Dr. B. Said

As I contemplate my treatment by the psychiatrist J. B. M.D. over a span of twenty years, I recall some of the things the good doctor said and did.

Dr. B. of Connecticut, of the upper classes.

Who carried bedpans as an intern, therefore understood hard times.

Who, like all the upper classes, envied the truly rich.

Dr. B. the shrink, with all the constriction that goes with the word.

Dr. B. the glass ceiling.

Dr. B. the therapist, as the simple anagram goes, the rapist.

Dr. B., self-satisfied like a Nietzschean noble, who learned from birth to call his class good.

Dr. B., ever seeking the drug that would make his fortune, something for the growing market of addicts, for whom the human trials, in Mexico, need not be so strict.

Masculine in his imaginings, “I don’t give milk!” Dr. B. would proudly pronounce.

Dr. B., who pronounced, rather than said, and said rather than talked.

Dr. B., who said many things, general, sometimes true, mostly unqualified, binding, damning, about me.

Most of which I believed, and carried, indelibly, in my heart for years.

Dr. B. said

that I knew how to spell the words, but did not know their meanings.

Dr. B. said

that I was such a masochist that it brought out the sadist in anyone.

Dr. B. said

that my verbal intelligence was so high, no one would guess my performance ability was so low.

Dr. B. said

that I worked with losers, since they all worked for such low pay.

Dr. B. said

that I was passive. Leaning back in a chair, he pantomimed, “This is you, having sex. You just lie there, saying ‘Do me.’”

Dr. B. said

that I could not put boundedness on a task.

Dr. B. said

that I was overinclusive.

Dr. B. said

that my dominant affect was anger.

Dr. B. said

that I had the impulse control of a gnat.

Dr. B. said:

that everything about me was primary process, never secondary thought.

Dr. B. said

that I should find a job in a corner somewhere, away from people.

Dr. B. said

that my observations were all correct, but that my conclusions were all wrong.

Dr. B. said

that all I understood was content, not process.

Dr. B. said

that I could not trust my perceptions or judgment.

Dr. B. said

that I had an iterative mind; the right thing never came out first thing.

Dr. B. said

that he could not judge my writing, and would not listen to it.

Dr. B. said

not to list the journals that published me on my resume, since these could not be good journals.

Dr. B. said (shifting his girth)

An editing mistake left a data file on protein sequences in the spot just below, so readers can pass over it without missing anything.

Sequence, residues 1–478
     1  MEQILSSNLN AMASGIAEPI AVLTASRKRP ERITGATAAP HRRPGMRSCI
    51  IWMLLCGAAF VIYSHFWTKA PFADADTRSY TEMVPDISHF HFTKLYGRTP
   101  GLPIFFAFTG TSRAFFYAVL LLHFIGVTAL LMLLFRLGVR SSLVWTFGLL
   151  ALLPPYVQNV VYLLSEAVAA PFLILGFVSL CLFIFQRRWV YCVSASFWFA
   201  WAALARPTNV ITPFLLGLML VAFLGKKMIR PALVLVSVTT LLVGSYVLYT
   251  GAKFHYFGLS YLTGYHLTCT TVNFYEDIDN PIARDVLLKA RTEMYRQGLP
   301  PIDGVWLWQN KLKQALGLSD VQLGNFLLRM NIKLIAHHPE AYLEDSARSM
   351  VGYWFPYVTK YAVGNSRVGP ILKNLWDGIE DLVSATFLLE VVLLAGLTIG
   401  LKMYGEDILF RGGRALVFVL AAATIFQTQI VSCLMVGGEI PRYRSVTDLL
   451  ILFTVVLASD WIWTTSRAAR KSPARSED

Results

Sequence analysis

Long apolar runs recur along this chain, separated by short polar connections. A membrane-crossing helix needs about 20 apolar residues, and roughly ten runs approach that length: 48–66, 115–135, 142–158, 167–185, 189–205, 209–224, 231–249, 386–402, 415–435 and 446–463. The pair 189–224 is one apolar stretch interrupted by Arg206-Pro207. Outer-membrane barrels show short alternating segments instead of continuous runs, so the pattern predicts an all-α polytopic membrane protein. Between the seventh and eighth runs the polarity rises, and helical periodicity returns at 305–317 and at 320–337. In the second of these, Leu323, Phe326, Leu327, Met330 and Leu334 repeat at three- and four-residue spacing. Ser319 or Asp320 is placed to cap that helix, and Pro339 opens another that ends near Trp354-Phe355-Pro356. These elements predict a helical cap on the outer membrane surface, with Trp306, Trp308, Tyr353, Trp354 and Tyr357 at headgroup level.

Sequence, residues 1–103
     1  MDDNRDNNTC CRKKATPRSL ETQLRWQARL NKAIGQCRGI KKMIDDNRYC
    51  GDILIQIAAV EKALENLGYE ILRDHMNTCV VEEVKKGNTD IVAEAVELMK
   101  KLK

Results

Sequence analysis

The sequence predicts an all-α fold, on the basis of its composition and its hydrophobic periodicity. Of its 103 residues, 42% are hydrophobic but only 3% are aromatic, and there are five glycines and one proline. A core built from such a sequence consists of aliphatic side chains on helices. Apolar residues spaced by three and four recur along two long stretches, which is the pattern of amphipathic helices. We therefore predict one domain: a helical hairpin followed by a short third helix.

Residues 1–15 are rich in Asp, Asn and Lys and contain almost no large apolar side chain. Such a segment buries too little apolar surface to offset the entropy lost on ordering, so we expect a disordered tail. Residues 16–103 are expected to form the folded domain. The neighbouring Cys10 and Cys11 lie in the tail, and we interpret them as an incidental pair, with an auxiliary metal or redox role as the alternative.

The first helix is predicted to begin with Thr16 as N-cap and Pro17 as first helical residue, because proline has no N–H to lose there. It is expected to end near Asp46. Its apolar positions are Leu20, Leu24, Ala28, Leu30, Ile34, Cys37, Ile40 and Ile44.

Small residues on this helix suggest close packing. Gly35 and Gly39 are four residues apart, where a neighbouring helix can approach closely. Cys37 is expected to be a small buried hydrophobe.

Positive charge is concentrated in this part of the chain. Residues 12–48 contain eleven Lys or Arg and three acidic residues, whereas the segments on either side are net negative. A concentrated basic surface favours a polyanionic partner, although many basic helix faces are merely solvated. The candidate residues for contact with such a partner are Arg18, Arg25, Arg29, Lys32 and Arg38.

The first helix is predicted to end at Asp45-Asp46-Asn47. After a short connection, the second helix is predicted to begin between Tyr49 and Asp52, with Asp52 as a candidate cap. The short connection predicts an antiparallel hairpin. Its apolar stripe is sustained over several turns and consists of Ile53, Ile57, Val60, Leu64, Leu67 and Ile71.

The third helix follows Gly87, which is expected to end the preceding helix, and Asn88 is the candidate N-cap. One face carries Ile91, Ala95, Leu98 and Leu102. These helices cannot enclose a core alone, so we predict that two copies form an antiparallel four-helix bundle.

that he could help me lose weight.

Dr. B. said

that he alone cared for me.

Dr. B. said

that I could never refuse a gambit.

Dr. B. said

that, when I and my department were laid off at work, that such people were not “keepers.”

Dr. B. said, about his grants, in anger:

“Do you really think you could write this grant?”

Dr. B. said

“You’re a volcano. Just because you are dormant doesn’t mean you are not a volcano.”

Dr. B., reluctantly telling me (“…because I have to.)

that the clinical trial he wanted me to participate in was for a drug that might cut off my visual field (“…because I have to.”)

Dr. B. said

that I was the sickest patient he had.

Dr. B. said

If it feels good, it probably isn’t.

Dr. B. said, when I wanted to talk about my past, especially about what happened to me when I was sick (prostitution, assault, drug addiction, rape),

“Let’s not pick through the garbage.”

Dr. B. said

“You’re just a girl who likes to fuck.”

Dr. B. said, much later, about the whorehouse, covering his ass:

“But you only worked the phones there.”

Dr. B. said, responding to the fact that he didn’t know that my parents were interned in the Buchenwald extension camp Dora Northausen after 10 years of treatment:

“People who are in concentration camps are fucked up.”

Dr. B. said

“Don’t not to go to AA,” telling me I would just talk a great deal of shit there.

Dr. B. later said

that I had wasted my life.

When I pointed out that the dozens of psychotropic medications he prescribed to me cut into my intelligence like a lobotomy, Dr. B. said

“Oh, there’s plenty of that left.”

But Dr. B., too lazy to take a decent history, also said that I picked up on everything. Nuances of mood, behavior. Everything.

And acknowledged that I was highly intelligent.

And marveled, that every time I was knocked down, that I got up; knocked down still harder, and again, and again, and again and again, I got up.

“Will,” he whispered one time, looking at me with unrecognition “Indomitable will.”

Yes, doctor. No thanks to you.

–Larissa Shmailo